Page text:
More on Saddles:
I tried the noseless Spiderflex saddle but have discarded it as it simply puts too much weight on my feet, hands and forearms. In short there is no real ‘rest’ position; you always have to brace your arms or legs. And it’s more difficult to grab & eat or other one-hand or no-handed actions with a noseless saddle
As part of my testing I have been riding without chamois padding. Like everything else going combat has some pluses and minuses. Also along this line I will be trying some heavily padded, elastomer sprung “comfort saddles”. These type saddles are aimed at the recreation/bike path crowd but my thinking is that if I remove the padding from my bike shorts but add padding to the saddle it might be a workable TDR combo. In addition these type saddles are wider for a more upright position. If I cannot find a clear winner I will simply buy a new Selle Italia Turbomatic. That was my choice for 2014 and overall it’s the best saddle I have found for multi day.
Carbon ‘no-name’ fork is now on the bike. Bike weight with aero bars is now 20.8lbs. Once I put on the carbon rims with Nano’s I suspect I will be close to 20lbs. So as mentioned in earlier posts with a 30lbs target this leaves 10lbs for bags, lights/electronics, sleep system, water system, tools, extra/rain clothing and miscellaneous gear.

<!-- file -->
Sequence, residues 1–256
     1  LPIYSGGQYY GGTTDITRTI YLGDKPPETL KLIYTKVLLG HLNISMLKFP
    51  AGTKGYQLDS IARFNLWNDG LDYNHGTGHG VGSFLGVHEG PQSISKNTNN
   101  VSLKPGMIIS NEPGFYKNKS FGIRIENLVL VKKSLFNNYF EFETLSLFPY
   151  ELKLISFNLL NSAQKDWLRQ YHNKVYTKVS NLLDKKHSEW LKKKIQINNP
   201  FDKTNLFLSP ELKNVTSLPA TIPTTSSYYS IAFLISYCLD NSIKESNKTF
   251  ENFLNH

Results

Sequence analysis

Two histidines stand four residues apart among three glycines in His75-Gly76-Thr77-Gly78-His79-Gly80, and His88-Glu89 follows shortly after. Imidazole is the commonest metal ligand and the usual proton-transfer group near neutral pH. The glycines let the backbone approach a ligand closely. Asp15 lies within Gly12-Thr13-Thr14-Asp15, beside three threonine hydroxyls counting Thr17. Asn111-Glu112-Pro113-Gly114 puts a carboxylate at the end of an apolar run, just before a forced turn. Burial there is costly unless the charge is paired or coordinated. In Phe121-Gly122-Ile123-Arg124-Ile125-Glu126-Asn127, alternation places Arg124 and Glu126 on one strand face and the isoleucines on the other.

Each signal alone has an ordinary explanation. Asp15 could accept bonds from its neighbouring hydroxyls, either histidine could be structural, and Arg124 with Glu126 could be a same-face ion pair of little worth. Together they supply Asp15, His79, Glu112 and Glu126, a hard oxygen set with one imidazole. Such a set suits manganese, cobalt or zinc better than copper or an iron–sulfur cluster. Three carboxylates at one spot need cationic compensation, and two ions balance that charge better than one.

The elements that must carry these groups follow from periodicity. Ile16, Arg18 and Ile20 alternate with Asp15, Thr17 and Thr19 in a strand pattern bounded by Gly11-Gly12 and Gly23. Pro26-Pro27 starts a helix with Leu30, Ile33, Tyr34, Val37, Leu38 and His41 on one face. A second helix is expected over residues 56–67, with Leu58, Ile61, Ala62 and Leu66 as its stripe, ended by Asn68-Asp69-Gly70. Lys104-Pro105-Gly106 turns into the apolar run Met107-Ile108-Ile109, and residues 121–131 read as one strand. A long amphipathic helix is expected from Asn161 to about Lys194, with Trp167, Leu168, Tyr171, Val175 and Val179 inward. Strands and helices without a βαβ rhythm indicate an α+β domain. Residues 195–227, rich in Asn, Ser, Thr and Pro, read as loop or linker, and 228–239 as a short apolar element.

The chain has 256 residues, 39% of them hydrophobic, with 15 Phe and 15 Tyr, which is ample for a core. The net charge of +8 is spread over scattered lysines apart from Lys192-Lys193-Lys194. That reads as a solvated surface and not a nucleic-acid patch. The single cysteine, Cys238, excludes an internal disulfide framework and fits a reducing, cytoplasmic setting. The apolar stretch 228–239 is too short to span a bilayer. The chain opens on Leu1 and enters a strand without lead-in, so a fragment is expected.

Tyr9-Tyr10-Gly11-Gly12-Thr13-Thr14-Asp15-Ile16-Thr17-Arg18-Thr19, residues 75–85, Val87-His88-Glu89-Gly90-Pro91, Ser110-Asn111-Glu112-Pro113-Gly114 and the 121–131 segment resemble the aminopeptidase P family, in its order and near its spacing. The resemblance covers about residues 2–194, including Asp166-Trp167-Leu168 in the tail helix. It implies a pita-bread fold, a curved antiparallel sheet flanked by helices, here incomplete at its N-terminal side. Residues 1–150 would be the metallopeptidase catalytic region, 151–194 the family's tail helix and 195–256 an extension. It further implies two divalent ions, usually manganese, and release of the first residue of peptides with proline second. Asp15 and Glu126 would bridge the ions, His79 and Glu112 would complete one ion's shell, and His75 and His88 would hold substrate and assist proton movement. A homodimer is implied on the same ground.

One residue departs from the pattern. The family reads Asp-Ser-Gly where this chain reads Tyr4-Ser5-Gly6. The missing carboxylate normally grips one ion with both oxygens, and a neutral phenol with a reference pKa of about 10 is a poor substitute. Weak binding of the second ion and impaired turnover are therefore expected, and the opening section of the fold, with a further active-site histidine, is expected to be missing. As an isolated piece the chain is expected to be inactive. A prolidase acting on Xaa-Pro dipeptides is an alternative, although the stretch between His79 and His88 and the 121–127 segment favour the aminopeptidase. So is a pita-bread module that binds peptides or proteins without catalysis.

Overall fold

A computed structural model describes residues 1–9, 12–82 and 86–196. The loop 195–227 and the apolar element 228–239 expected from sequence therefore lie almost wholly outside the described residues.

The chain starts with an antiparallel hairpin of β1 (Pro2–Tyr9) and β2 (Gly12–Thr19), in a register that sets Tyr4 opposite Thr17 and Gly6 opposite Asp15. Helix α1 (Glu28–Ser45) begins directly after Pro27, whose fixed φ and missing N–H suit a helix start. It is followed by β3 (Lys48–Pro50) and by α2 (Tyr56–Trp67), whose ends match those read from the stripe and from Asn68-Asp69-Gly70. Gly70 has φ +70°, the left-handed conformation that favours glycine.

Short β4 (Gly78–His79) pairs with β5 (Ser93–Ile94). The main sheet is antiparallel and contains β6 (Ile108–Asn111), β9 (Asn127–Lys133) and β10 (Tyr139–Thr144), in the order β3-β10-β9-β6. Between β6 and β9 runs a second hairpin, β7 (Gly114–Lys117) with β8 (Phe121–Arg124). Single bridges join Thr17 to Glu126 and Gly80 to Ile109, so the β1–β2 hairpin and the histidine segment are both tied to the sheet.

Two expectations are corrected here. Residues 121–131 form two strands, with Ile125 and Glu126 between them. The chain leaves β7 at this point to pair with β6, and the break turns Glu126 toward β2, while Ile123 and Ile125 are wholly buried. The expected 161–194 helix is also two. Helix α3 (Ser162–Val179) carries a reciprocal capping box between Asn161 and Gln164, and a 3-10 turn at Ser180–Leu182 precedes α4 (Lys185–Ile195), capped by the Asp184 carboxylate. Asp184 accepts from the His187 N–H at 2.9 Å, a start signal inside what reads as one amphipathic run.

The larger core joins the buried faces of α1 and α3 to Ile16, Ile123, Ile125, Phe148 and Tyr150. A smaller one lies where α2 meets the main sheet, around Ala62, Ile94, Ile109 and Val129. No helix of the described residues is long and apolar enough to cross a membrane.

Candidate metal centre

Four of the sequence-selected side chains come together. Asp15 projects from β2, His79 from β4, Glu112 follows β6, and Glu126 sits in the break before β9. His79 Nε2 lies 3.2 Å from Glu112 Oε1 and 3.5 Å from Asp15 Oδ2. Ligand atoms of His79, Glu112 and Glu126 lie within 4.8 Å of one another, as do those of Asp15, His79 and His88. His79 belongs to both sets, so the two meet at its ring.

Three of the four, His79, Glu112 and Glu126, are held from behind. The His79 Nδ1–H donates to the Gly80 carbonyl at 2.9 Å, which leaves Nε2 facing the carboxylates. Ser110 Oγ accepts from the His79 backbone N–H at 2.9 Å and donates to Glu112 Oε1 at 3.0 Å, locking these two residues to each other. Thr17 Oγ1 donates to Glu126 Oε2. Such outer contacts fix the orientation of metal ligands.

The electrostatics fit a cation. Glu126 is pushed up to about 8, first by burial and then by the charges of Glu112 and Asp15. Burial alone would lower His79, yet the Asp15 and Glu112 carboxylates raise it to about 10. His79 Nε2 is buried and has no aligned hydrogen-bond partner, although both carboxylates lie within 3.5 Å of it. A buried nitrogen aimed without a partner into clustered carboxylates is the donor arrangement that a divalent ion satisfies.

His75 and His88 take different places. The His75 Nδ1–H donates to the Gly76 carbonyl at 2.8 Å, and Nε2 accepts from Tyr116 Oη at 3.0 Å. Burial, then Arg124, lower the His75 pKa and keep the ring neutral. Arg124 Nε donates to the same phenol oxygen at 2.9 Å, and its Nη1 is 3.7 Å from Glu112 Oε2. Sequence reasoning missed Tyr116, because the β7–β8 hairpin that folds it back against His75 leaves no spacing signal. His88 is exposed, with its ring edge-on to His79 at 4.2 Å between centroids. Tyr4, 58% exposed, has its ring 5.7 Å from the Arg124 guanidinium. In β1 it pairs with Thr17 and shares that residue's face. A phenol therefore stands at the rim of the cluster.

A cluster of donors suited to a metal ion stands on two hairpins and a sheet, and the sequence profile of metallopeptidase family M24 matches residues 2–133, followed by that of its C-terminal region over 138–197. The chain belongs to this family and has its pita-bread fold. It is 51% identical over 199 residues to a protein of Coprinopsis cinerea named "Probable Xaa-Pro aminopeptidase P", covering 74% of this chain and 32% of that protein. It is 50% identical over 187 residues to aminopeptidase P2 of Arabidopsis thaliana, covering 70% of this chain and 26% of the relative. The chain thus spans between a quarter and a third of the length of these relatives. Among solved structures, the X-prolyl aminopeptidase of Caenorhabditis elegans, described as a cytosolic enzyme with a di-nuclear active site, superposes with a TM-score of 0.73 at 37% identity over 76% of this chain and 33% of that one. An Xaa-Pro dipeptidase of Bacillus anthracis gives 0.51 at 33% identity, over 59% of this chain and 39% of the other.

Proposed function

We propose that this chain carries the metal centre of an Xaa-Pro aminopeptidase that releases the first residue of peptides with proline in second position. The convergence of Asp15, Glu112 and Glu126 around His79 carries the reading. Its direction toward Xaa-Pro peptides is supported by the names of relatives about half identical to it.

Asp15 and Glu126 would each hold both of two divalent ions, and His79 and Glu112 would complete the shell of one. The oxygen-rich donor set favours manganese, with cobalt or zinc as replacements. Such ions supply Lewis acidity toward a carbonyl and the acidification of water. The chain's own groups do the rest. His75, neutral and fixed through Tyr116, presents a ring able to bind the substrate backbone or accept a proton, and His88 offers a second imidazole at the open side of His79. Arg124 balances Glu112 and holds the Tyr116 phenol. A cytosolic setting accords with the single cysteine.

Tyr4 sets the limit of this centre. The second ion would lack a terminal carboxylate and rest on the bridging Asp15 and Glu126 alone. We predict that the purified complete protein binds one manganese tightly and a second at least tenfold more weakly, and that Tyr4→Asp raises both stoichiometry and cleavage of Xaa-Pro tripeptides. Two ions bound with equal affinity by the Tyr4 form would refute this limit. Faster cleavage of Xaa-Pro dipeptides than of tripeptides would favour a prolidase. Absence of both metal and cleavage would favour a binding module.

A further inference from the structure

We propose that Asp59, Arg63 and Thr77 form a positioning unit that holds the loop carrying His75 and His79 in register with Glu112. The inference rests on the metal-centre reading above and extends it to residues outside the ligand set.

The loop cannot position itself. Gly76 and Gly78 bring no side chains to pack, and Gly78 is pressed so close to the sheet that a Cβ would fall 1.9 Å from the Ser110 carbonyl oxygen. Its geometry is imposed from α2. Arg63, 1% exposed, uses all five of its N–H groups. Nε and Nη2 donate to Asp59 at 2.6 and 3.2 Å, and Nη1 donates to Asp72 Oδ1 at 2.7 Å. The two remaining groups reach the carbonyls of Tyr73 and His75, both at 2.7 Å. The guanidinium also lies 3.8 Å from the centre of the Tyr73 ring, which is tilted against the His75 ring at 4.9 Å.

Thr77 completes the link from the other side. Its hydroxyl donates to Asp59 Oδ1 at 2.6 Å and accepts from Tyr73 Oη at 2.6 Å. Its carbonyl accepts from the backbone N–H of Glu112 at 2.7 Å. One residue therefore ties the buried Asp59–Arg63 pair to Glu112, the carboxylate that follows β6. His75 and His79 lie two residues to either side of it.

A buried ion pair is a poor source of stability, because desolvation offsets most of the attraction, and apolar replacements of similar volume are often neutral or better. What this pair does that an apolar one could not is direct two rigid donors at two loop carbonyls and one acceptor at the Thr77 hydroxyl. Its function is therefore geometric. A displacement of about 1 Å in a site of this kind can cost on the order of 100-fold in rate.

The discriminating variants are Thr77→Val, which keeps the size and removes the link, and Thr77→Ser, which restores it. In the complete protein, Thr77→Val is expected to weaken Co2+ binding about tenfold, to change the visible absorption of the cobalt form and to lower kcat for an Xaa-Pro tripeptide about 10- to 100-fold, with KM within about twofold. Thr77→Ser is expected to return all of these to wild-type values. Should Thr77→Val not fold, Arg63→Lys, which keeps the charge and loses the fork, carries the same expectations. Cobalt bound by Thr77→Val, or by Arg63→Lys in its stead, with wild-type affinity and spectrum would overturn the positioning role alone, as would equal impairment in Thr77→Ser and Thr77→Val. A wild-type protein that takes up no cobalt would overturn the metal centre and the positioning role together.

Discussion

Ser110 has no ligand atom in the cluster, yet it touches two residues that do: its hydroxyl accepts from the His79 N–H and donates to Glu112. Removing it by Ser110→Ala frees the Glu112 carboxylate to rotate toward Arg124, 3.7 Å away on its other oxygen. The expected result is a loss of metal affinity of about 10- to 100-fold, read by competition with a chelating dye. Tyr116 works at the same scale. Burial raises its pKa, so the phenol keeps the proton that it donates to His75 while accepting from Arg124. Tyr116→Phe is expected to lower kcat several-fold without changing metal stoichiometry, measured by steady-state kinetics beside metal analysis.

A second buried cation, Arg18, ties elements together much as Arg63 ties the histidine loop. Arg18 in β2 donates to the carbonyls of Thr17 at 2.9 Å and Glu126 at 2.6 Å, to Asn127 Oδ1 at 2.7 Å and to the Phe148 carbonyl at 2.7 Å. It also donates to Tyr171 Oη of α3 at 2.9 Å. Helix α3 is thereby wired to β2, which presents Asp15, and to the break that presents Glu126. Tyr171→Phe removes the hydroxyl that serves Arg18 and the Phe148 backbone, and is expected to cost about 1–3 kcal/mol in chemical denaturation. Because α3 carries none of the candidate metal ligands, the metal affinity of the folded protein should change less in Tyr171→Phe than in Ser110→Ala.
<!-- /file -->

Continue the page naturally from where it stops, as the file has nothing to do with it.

Sleep System:As part of my quest to reach 30lbs I am going to test one of these as my TDR sleep system: Blizzard Survival Bag
From my web research these all-in-one bivy/bag are light, warm and waterproof. On the other hand they are noisy, not very packable after 1st use and non-breathable. But only some real testing will tell me if I want to use one on the TDR.
My current sleep system, as seen above, is a SOL Escape™ Bivvy, old 1lb Montbell down bag and a couple of pieces of Therm-a-Rest foam. I think with dry bag and straps it weighs in at 2 or so lbs. At the end of the day I know I will be in hotel rooms more than I think I will-- so who knows, a sub-1 lb sleep system may be just the ticket.